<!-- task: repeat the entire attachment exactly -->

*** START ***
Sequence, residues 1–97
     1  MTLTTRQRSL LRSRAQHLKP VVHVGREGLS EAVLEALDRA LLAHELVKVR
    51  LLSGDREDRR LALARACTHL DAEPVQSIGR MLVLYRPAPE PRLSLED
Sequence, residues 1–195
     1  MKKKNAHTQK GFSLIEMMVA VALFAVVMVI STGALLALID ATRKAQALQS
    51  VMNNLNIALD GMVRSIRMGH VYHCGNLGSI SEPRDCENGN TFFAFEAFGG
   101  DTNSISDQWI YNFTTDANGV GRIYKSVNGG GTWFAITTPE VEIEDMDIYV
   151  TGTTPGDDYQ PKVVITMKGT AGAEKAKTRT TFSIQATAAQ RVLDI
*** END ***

Sequence, residues 1–97
     1  MTLTTRQRSL LRSRAQHLKP VVHVGREGLS EAVLEALDRA LLAHELVKVR
    51  LLSGDREDRR LALARACTHL DAEPVQSIGR MLVLYRPAPE PRLSLED
Sequence, residues 1–195
     1  MKKKNAHTQK GFSLIEMMVA VALFAVVMVI STGALLALID ATRKAQALQS
    51  VMNNLNIALD GMVRSIRMGH VYHCGNLGSI SEPRDCENGN TFFAFEAFGG
   101  DTNSISDQWI YNFTTDANGV GRIYKSVNGG GTWFAITTPE VEIEDMDIYV
   151  TGTTPGDDYQ PKVVITMKGT AGAEKAKTRT TFSIQATAAQ RVLDI